Urinary albumin excretion rate and its determinants after 6 years in non-insulin-dependent diabetic patients.Nephrol Dial Transplant 1996; 11(3):449-56ND
The present study was undertaken to clarify the progression of urinary albumin excretion rate (UAER) in non-insulin-dependent diabetic (NIDD) patients 6 years after diagnosis, and to elucidate the risk factors of nephropathy.
This is a population-based controlled (baseline) cohort study. The prospective evaluation utilized the diabetic patients as internal controls. The setting was an urban primary health care centre. Main outcome measures were the UAER-24 h and fractional urinary albumin excretion rate (FAC) and their relation to mean blood pressure, haemoglobin Alc, fasting serum insulin and cholesterol and renal size.
UAER (mg/24 h) was increased (geometric mean, quartile 1 and 3) in the diabetic patients at baseline, compared to the non-diabetic control subjects; 21 (10 and 33) versus 12 (8 and 15), P = 0.0001 (Wilcoxon's rank test). The UAER-24 h was not increased in diabetic subjects at follow-up; 24 (7 and 49) P = 0.3791 versus diabetic subjects at baseline. Eighteen per cent of normoalbuminuric (UAER < 30mg/24 h) patients developed microalbuminuria (UAER = 30-300 mg/24 h) and 3% clinical nephropathy (UAER > 300 mg/24 h). Of the microalbuminuric subjects 19% progressed to clinical nephropathy, 46% remained microalbuminuric and 35% remitted to normoalbuminuria. Serum insulin concentration, after assessment of confounding factors, measured at the baseline predicted the UAER for all diabetic subjects at follow-up in multiple linear regression analysis in an independent and significant way (P = 0.01). Serum insulin concentration (P = 0.034) and diuretic therapy (P = 0.050) at baseline independently predicted the outcome of the categorical variable progressor/nonprogressor (n = 22/86) based on the UAER-24 h at baseline and at follow-up.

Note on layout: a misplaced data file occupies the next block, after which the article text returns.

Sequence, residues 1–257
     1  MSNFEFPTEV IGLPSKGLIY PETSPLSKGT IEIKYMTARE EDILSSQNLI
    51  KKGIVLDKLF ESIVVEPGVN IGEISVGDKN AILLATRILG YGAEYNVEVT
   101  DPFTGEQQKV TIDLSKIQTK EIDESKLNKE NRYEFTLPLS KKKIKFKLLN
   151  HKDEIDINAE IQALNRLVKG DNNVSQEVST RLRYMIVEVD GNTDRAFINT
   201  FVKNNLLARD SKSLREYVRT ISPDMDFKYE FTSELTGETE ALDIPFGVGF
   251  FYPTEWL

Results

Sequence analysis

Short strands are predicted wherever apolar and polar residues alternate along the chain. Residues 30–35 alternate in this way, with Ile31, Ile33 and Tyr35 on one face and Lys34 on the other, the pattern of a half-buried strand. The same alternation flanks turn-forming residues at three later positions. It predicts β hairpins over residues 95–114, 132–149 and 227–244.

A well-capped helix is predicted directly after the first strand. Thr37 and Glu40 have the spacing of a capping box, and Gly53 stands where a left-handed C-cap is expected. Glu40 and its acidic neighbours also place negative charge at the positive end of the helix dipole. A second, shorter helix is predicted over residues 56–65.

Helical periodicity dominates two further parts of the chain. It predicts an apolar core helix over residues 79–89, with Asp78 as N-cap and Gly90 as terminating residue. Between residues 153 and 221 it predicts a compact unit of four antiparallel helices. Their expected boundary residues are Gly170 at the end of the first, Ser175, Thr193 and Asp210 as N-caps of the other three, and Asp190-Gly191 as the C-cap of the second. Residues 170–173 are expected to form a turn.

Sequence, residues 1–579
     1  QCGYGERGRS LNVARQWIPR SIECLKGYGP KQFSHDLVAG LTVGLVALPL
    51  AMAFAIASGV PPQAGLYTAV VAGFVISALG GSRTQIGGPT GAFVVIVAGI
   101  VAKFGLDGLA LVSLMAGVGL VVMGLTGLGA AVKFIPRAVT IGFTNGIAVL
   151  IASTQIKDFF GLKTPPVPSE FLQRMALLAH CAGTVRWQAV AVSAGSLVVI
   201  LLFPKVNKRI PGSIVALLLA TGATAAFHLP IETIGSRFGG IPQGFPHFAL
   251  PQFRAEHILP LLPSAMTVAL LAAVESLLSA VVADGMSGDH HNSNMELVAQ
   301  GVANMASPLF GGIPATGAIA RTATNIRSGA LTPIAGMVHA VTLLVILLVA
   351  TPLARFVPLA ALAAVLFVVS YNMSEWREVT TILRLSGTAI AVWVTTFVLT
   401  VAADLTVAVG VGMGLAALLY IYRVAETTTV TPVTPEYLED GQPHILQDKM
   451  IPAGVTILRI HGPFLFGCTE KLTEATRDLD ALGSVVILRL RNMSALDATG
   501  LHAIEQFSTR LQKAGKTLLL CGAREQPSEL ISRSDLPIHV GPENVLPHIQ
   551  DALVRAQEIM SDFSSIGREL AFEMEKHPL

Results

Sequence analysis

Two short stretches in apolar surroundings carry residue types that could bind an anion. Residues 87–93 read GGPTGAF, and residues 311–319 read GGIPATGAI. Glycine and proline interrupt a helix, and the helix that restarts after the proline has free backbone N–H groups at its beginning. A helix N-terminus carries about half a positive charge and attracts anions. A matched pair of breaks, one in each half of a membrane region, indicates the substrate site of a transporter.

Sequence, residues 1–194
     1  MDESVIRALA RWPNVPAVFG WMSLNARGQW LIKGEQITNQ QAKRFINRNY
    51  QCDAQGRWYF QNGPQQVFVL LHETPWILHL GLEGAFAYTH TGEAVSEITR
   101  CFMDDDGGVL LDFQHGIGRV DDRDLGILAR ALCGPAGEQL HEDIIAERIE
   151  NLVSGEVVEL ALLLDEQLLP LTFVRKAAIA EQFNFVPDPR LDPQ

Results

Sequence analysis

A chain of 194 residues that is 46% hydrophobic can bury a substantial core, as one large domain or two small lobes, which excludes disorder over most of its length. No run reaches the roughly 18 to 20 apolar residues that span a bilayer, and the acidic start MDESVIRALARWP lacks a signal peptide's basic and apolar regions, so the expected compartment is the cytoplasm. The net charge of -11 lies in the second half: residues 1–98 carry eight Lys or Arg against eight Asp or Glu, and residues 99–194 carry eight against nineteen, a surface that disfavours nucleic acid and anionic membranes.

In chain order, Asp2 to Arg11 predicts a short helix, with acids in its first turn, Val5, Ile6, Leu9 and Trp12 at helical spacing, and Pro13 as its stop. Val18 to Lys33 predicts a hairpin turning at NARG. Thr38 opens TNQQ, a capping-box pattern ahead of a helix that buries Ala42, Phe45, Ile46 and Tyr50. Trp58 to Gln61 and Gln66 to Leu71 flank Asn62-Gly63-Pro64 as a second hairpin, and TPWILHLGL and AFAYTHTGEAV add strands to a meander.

Progression of the UAER during the first 6 years is found among approximately every fifth NIDD subject who develops either microalbuminuria (from normoalbuminuria) or clinical nephropathy (from microalbuminuria). The role of serum insulin (insulin resistance) or some factor associated with it, is suggestive in the genesis of kidney disease.